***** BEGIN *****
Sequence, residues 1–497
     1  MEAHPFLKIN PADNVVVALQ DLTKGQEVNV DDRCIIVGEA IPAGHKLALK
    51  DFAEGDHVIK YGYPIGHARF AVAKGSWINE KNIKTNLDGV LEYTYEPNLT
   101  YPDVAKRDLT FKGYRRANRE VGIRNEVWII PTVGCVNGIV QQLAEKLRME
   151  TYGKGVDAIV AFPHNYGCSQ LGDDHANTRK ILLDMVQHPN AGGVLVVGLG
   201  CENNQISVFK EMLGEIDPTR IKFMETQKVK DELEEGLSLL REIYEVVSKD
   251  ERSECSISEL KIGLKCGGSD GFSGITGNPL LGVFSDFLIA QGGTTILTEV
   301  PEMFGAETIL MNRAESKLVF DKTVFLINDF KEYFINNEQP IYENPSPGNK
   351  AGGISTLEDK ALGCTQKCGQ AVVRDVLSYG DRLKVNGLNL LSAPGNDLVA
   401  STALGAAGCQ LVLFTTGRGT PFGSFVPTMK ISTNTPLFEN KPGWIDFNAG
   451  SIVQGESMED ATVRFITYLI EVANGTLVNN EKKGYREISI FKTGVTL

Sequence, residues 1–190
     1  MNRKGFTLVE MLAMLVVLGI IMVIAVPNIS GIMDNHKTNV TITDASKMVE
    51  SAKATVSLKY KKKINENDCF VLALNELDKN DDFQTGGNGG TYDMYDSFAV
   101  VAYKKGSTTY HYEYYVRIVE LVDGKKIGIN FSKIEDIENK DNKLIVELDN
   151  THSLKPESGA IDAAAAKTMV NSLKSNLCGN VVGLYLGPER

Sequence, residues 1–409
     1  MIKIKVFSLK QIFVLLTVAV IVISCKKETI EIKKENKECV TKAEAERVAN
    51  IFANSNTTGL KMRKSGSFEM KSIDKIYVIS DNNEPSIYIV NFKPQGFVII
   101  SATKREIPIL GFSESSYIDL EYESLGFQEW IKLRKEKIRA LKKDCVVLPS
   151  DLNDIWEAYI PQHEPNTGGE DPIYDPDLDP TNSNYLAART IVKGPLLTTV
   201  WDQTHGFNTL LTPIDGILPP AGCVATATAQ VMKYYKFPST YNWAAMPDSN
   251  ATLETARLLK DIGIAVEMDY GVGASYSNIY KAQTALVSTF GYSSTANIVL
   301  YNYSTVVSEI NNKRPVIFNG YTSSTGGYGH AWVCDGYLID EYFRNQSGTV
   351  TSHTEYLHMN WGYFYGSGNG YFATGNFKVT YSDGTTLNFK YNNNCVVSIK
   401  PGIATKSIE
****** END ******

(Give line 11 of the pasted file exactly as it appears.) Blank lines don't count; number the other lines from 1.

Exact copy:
   451  SIVQGESMED ATVRFITYLI EVANGTLVNN EKKGYREISI FKTGVTL